OpinionMiddle East

Mideast leader flouts democracy, receives American aid anyway

King Abdullah II has been praised, funded and armed by American presidents since he assumed the royal throne 24 years ago.

Portraits of the late King Hussein of Jordan (left) and his son, King Abdullah II. Credit: Amnat30/Shutterstock.
Portraits of the late King Hussein of Jordan (left) and his son, King Abdullah II. Credit: Amnat30/Shutterstock.
Stephen M. Flatow. Credit: Courtesy.
Stephen M. Flatow
Stephen M. Flatow is president of the Religious Zionists of America. He is the father of Alisa Flatow, who was murdered in an Iranian-sponsored Palestinian terrorist attack in 1995, and author of A Father’s Story: My Fight for Justice Against Iranian Terror. (The RZA is not affiliated with any American or Israeli political party.)

For decades, the United States has been pouring billions of dollars of military and financial aid into a Middle Eastern country whose leader has little regard for American-style democratic values and acts as if he is a king.

Oh, wait. He’s acting that way because he is a king.

Jordan’s leader, Abdullah II, was chosen by virtue of his royal bloodline, resides in a royal palace and governs by royal decrees.

So why is America supporting him? Since when does America think that it’s OK for other countries to be ruled by kings instead of democratically elected presidents or prime ministers?

King Abdullah II has been praised, funded and armed by American presidents since he assumed the royal throne 24 years ago. His father, the late King Hussein, was given the same royal treatment by Washington during his own 47 year-reign.

No U.S. president ever refused to invite Jordan’s kings to the White House. No U.S. administration ever criticized them for thumbing their noses at democracy or other American values. And no U.S. officials ever suggested reducing American aid to Jordan. On the contrary: That aid has been steadily increasing over the years, from approximately $125 million annually in the 1960s, to $1.6 billion annually nowadays. And that’s not counting the $700 million in Jordanian debt that the Clinton administration forgave.

Even Jordan’s decision to side with Iraqi dictator Saddam Hussein and Iraq in the first Gulf War had no impact on U.S. aid to Amman. Thomas L. Friedman of The New York Times helped out in that regard. He authored a major “news” article at the time in which he argued that while the Bush administration had no choice but to “review” its aid to Jordan because of King Hussein’s pro-Saddam stance, the United States should “not necessarily slash it” because the king is “the lesser of two evils,” and while U.S. officials “can’t live with King Hussein … they can’t live without him either.”

Yes, that’s the same Thomas L. Friedman who in recent weeks has been promoting the idea that the Biden administration should denounce, harass and pressure Israel over the judicial reform issue.

Friedman has been calling for a “reassessment” of U.S. relations with Israel. That word was not chosen casually. Every Israeli remembers the last time it was used—when former President Gerald Ford and U.S. Secretary of State Henry Kissinger announced a “reassessment” of U.S. policy towards Israel in 1975 because Kissinger felt that Israeli Prime Minister Yitzhak Rabin was not making enough concessions to the Arabs.

That “reassessment” consisted of a cut-off of all U.S. military shipments to Israel until Rabin finally gave in and made the concessions that Kissinger was demanding.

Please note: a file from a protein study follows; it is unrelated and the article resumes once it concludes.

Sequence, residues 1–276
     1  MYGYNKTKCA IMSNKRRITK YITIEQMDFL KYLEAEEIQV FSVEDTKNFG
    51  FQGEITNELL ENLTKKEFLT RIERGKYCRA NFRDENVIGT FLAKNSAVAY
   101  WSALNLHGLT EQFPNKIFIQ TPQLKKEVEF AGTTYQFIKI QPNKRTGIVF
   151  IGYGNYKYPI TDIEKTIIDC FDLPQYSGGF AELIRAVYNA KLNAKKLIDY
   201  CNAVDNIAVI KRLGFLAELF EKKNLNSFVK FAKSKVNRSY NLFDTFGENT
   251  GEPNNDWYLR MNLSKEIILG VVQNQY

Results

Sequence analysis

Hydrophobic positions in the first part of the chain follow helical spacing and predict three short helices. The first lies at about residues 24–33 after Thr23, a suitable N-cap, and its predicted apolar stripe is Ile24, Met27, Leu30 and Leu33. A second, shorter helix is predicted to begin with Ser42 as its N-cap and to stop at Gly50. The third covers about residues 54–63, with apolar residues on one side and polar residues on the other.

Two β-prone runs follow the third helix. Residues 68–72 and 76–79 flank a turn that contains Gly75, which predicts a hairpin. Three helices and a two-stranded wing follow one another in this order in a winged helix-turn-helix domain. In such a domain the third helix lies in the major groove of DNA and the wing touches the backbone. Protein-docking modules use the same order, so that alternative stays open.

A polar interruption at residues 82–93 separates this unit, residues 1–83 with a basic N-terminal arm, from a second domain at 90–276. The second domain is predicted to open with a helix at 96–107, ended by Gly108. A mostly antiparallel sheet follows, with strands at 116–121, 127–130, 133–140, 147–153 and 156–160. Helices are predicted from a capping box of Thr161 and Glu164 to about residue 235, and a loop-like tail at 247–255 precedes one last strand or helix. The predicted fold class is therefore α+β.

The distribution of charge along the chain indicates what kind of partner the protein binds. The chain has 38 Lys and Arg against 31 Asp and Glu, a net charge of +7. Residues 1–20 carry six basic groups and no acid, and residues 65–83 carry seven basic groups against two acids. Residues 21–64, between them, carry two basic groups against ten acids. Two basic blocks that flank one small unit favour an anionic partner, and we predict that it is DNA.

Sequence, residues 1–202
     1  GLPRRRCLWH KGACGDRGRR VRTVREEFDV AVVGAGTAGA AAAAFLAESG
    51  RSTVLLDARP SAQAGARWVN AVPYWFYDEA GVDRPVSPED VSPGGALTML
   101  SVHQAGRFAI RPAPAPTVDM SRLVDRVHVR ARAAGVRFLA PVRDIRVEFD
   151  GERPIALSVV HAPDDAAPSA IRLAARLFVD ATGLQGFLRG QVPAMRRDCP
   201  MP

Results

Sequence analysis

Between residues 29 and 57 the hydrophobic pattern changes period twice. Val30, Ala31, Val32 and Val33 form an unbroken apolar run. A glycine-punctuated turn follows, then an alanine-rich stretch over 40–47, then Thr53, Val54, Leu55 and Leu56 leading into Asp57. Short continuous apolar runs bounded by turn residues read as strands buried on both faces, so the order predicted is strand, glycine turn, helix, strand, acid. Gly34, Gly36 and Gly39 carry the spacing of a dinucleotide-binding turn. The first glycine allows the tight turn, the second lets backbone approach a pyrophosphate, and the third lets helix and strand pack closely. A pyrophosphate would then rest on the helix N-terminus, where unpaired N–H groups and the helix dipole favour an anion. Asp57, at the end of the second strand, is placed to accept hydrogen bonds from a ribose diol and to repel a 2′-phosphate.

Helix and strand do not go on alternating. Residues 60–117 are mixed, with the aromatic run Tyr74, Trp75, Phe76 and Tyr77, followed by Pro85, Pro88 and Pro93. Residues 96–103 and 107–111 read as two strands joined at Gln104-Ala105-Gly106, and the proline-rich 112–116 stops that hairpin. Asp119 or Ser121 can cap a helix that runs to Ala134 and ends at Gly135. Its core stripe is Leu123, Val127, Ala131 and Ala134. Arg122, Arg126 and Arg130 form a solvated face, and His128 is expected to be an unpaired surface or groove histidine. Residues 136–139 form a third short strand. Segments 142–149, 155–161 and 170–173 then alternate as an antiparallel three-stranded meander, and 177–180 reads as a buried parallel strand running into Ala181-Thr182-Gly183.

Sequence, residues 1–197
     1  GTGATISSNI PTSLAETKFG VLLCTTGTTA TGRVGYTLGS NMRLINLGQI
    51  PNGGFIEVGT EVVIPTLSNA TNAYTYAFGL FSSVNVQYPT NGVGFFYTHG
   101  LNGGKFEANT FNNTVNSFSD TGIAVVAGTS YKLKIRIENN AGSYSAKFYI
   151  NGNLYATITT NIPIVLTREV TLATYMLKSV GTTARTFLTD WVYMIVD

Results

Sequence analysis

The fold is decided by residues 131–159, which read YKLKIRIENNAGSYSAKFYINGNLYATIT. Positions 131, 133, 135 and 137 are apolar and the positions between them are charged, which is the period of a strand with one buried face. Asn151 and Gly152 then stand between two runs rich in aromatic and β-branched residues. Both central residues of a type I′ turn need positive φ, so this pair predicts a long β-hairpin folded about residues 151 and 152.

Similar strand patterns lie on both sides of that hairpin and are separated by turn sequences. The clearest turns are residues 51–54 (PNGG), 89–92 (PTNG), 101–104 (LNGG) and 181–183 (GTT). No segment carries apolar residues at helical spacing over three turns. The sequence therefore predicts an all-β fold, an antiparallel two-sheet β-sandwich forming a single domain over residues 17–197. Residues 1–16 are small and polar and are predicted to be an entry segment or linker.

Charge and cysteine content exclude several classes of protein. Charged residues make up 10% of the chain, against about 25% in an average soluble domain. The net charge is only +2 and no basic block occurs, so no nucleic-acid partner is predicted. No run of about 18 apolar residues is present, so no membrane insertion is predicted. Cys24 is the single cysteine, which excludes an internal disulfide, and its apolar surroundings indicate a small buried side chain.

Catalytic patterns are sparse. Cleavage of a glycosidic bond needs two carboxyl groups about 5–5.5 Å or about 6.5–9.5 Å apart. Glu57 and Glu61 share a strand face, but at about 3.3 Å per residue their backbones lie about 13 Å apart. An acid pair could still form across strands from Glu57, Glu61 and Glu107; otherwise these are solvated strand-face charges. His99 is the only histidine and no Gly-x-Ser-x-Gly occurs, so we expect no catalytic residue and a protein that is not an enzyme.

Friedman’s current campaign for more American pressure on Israel has been echoed by former U.S. Mideast envoys such as Daniel Kurtzer and Martin Indyk. They, too, are demanding that America slash military aid to Israel as punishment for Israeli policies.

Isn’t that fascinating? These critics falsely accuse Israel of eroding its democracy and demand that the United States punish it while they praise Israel’s royal next-door neighbor, a regime that flaunts its rejection of democracy.

How can this glaring double standard be explained?

Don’t hold your breath waiting for Friedman, Kurtzer, Indyk or other prominent critics of Israel to explain themselves because journalists almost never ask them uncomfortable questions.

But here are three obvious explanations.

Some of Israel’s critics are simply hostile to Israel and will use any excuse to bash the Jewish state. They don’t genuinely care about Israeli democracy (or Jordan’s lack of democracy). The judicial reform controversy is just a convenient stick with which to beat the Israelis.

Some of Israel’s critics are simply pompous know-it-alls. This group includes ex-diplomats and journalists who dreamed of working on Mideast policy at the U.S. State Department. They are convinced that they alone know how to achieve peace (that is, by trading massive Israeli concessions for unenforceable Arab promises), and they jump at every opportunity to show off their alleged expertise. The fact that they have been proven wrong time and again never slows them down.

And some critics of Israel are simply bigots—but it’s a bigotry of an unusual kind. It’s what former presidential speechwriter Michael Gerson called “the soft bigotry of low expectations.” In other words, they don’t believe that Arabs are capable of governing democratically. They’re fine with Jordan being ruled by a king because they think that Jordanians are too unsophisticated to embrace modern concepts such as democracy.

Of course, there are some critics of Israel who sincerely care about Israel’s welfare. Maybe they even (quietly) dislike the idea of America embracing and propping up kings. But it’s becoming harder and harder to spot them among the noisy crowd of those whose motives are far from noble. 

The opinions and facts presented in this article are those of the author, and neither JNS nor its partners assume any responsibility for them.
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